AJPW GIANT SERIES – DAY 7 (TOKYO, 1981)
DORY FUNK JR vs BRUISER BRODY
There’s never been a more menacing human being in the world of professional wrestling than Bruiser Brody. Dory gets to the ring and starts throwing things at the crowd. I have no idea what they are, but people look excited about. The Immigrant Song plays! Here comes Brody! It’s already exciting. HE’S OUT OF CONTROL, PEOPLE! IT’S BRODY! IT’S BRUISER BRODY! He jumps even Dory even before the bell rings, and we’re into a wild brawl. They go outside. Brody hits Dory on the head with something. It’s chaos out there. He throws Funk back in the ring. Dropkick by Brody. He bites Dory’s forehead as the crowd chants for the Texas Bronco. The match goes back outside. It’s a sea of people out there as Brody carries Dory by the back of his head. Back in the ring and Brody bodyslams Funk. Dory is busted open. There’s blood everywhere. Kick to the midsection by Brody. Knee drop. Right now, he looks unbeatable. The camera focus on Dory’s face. It’s all messy. Brody bites him again despite the blood. He’s an animal. Dory answers with a series of forearms. The crowd goes nuts as Funk takes over. The match is taken outside again. Dropkick by funk. Now Brody is bleeding after Dory driving him face first against the turnbuckle. Spinning toe hold. They get back on their feet. Big hands by Brody. He goes for the knee drop but misses. Funk back in control. It’s incredible how Brody can take the best from his opponents. Let’s give Dory some credit too. He’s not that scientific wrestler here. This is not a wrestling match. This is a fight, and he brought his best. Dory hits a vertical suplex, but knocks the referee out. This gives Brody time to recover. He goes outside and grabs his chain. Dory is able to take control. The ref gets back but Dory punches him. He also hits Buck Robley. The Japanese team tries to stop him. I can see Momota and Okuma among them. Robley holds Dory as Brody attacks him. Terry Funk comes for the save. A wild brawl is taking place. The Funks are working together, and they beat Brody out of there.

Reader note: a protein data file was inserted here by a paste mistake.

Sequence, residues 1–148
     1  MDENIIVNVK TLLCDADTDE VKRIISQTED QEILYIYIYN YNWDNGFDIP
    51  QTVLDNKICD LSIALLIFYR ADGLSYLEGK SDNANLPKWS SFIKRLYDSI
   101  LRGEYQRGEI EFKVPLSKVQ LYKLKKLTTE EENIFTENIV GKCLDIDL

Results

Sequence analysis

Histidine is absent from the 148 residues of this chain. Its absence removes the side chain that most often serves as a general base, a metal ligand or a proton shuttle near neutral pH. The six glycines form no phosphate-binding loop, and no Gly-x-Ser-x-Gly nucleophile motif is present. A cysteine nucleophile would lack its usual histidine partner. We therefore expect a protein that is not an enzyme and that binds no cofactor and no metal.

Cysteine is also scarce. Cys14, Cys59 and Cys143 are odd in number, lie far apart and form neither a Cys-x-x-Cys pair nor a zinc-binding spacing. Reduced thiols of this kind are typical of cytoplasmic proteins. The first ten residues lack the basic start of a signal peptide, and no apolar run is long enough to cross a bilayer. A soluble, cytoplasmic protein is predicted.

HOUSTON WRESTLING (HOUSTON, 1981)
DORY FUNK JR vs BILLY ROBINSON
We’re probably going back to old school Dory here as he faces legendary scientific wrestler Billy Robinson. Listening to the announcer, it sounds like Robinson wasn’t exactly well-known at this point. Dory is in the best shape I have ever seen him. Robinson goes for a British-style offense there. So far, the match has been about holds with no strikes whatsoever. It’s a very realistic match, but it’s not boring at all. Robinson just slaps Dory’s face, and the match has some heat to it. Billy’s style is different from everyone else’s. He is, indeed, very unique. The match goes outside for a second. Robinson comes back to ring and looks upset. Dory rolls out. This tells a lot about these men. Although both have a similar approach to the art, Robinson is more explosive while Dory is more of a patient wrestler. A modified Backbreaker by Robinson shows more about the kind of wrestler he is. This match is fascinating to look at. It’s old school grappling, but there’s a nice dynamic to it. Robinson makes those holds meaningful. Even common ones look painful when he is applying them. A small botch there hurts the perfect wrestling match they had so far, but nothing that can’t be excused. Submissions are countered into pins, pins into submissions. There’s a real grappling masterpiece taking place. Dory goes for the forearms, and Robinson sells like a king. Bodyslam by Funk. Someone in the crowd asks for the Toe Hold. It looks like I am not the only one who likes that move. Dory’s on control now. A Neckbreaker by Robinson looks like things are gonna change, but both men just collapse after hitting each other. Dory goes for the Toe Hold, but Robinson denies. Now Robinson with Abdominal Stretch. That is the kind of move that looks really cool. Boston Crab by Robinson. Another Backbreaker and Robinson hurts Dory’s lower back and his own knee. Funk goes for the Toe Hold again as the time limit count out starts. Robinson goes for a Tackle and tries the pin, but it’s too late. Twenty minutes time limit draw.
AJPW GRAND CHAMPION CARNIVAL I – DAY 21 (OMIYA, 1984)
DORY FUNK JR vs STAN HANSEN